Scientists recently discovered the altered expression of one protein in the body that may change the way physicians treat and diagnose lupus in the future.
Lupus is an autoimmune disease, in which the body starts attacking its own major tissues and organs. It is a disease that does not have any fixed pattern, with symptoms varying greatly among patients. In some, it may be a disease of the joints, while in others it may involve multiple organs at a time. It is mostly a disease of young women and is known to affect the quality of someone's existence and lifespan.
So, why is this disease so difficult to treat and diagnose? The answer to this question perhaps lies in the fact that we still do not know much about how our natural immune responses work and what stimulates or inhibits our immunity in a particular threat situation. Though in recent times, with the improvement in technology, a lot has been discovered in this direction. Any improvement in the working-knowledge of immunity would help us to tackle the autoimmune diseases in a more efficient manner.
At present, there are many diagnostic and treatment methods used in lupus. However, none of them are 100% specific to lupus itself. Thus, we use drugs that suppress the immune system, and in most cases, this is done non-selectively, causing patients to exhibit several side effects. Similarly, for diagnosis, we use tests that indicate inflammation and autoimmunity. ESR, antinuclear antibodies test, imaging are some of the commonly used methods by physicians, however, they are still not very specific for lupus. So, the search for more precise diagnostic and therapeutic approaches continues. Researchers are also trying to find out all about the factors, receptors, messengers, and switches that help to regulate immunity. Understanding the expression of the newer protein is one more step forward in that direction.
Discovery of altered expression of new type of cell protein
In a recent investigation, Anna-Marie Fairhurst and her research team noticed the increased presence of a specific kind of protein on the surface of the cell wall of immune cells of those known to be suffering from lupus. This is a finding that has a potential to change the way we diagnose or treat lupus in the future.
Discovery of this protein is not a new thing, but its increased expression on specific immune cells in lupus was not known until now. It is a protein or rather group of proteins that are found on the cell walls, and are together called Siglecs. These proteins are thought to regulate the way our body's cells and immune system interact with each other and are also considered to play a critical role in the regulation of various immune functions. It is thought that most of these proteins are a part of a distinct signaling pathway, which when excited would lead to the inhibition of the immune system’s interaction with our body's cells. However, some of the sub-proteins from the group Siglecs are known to have a stimulating effect. It means that the combination of these proteins on the cell wall plays an important role in either inhibiting or stimulating particular immune responses and thus regulating the immune system.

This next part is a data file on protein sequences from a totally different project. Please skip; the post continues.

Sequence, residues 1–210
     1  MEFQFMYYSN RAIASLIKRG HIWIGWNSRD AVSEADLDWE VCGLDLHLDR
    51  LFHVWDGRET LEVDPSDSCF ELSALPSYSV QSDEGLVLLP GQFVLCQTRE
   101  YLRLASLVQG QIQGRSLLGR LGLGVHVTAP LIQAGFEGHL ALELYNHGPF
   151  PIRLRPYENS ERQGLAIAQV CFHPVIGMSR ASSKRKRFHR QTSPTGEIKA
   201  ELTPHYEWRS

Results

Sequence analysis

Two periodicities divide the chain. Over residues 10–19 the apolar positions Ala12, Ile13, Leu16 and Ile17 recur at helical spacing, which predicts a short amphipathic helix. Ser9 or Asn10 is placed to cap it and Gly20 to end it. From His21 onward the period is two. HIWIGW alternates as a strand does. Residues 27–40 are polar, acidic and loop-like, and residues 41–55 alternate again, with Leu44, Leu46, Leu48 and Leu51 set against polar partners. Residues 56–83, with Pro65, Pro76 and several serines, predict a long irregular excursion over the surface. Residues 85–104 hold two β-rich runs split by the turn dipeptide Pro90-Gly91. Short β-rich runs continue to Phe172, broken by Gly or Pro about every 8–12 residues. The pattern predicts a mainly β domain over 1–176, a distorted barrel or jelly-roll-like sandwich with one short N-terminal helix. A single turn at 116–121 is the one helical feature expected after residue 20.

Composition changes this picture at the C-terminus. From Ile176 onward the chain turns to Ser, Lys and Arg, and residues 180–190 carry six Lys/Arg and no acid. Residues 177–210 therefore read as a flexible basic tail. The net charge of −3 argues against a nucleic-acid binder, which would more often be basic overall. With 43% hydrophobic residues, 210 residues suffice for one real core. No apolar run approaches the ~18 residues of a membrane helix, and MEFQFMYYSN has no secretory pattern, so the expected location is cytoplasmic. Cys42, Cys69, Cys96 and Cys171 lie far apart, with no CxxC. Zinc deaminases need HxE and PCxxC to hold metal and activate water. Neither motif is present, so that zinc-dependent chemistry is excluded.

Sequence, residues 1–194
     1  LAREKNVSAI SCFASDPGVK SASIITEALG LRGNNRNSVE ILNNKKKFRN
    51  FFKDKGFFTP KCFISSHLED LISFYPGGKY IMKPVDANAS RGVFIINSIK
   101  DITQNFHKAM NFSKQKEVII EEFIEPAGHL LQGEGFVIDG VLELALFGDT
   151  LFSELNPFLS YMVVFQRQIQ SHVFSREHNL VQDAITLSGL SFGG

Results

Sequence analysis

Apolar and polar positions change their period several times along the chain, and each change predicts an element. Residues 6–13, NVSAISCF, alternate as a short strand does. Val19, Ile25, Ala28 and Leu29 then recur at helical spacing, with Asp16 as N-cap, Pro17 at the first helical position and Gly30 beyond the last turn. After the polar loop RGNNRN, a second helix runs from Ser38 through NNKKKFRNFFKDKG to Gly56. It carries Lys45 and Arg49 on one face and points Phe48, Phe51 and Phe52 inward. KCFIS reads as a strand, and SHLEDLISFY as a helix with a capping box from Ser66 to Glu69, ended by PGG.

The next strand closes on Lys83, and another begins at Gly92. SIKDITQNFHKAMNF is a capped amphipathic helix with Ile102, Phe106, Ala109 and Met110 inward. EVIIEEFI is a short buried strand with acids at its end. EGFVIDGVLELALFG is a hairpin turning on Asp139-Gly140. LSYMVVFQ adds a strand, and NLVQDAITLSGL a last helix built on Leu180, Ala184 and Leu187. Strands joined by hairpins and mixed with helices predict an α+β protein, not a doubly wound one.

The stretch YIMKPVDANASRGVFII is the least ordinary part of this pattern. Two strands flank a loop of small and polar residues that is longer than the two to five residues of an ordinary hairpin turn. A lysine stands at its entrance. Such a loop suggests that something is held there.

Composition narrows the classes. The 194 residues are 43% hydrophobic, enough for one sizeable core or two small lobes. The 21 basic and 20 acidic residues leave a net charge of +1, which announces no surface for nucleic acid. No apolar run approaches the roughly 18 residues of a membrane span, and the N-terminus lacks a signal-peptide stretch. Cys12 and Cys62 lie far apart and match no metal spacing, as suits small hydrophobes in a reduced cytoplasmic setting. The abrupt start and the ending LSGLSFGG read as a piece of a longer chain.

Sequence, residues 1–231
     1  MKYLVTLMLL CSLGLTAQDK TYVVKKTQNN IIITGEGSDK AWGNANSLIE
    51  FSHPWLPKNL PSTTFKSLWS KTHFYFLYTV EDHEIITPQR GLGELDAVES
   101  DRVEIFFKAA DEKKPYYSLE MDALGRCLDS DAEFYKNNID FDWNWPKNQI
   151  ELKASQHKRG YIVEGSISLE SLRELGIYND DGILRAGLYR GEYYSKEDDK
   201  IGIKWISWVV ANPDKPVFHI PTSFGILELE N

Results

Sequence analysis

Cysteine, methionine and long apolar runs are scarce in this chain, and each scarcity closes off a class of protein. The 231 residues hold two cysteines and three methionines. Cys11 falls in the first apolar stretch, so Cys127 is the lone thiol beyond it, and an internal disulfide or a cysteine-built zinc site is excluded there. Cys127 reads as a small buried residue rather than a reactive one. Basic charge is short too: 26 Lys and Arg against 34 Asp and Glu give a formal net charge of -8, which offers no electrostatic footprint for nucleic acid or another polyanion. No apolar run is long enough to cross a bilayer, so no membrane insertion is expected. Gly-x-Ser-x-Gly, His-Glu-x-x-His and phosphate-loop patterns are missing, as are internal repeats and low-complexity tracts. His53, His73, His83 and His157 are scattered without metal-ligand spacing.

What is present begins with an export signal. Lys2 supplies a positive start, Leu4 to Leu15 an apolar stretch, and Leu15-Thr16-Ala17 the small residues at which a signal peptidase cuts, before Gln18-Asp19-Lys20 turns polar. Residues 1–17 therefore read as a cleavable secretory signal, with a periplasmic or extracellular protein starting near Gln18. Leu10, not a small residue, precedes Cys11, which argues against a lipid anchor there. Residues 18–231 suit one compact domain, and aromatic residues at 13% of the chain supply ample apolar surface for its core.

Fairhurst and her team from Institute of Molecular and Cell Biology and Singapore Immunology Network, recently discovered that in lupus one of the Siglecs called “Siglec-14” was present on the surface of more immune cells than expected. Siglec-14 is different from other proteins of the group in a way that it stimulates cellular interaction, while most Siglecs are known to rather inhibit other responses. This means that Siglec-14 may have something to do with overactivity of the immune system in lupus. Overactivity of Siglec-14 may be playing some role in triggering our immune responses in a fashion where they start to attack our body's cells. At present, researchers do not understand the role of Siglecs in autoimmunity and inflammatory processes completely, but it seems entirely possible that these proteins may have some central role.
There is a reason to think that an increased expression of Siglec-14 may be playing a role in the disease development or flares. In some of the earlier studies done on the patients suffering from the chronic obstructive pulmonary disease, it was found that those with gene mutation causing loss of Siglec-14 expression were less prone to the exacerbations of the disease. However, Fairhurst’s study did not show any relation between lupus activity and gene variations.
This research is vital in a way that it is the first of its kind that demonstrated the higher presence of Siglec proteins on the surface of some of the immune cells. If not revolutionary, this discovery is undoubtedly one more step forward in the right direction. In the future, as we start to learn more about Siglecs and their role in immune control, it is quite possible that we may be able to use them to predict lupus development and flares. The drugs targeting Siglec may help to control not only lupus but also many other autoimmune diseases. Thus, it could very well be a small but significant step in the right direction to counter the upsurge of autoimmunity related ailments in recent times.
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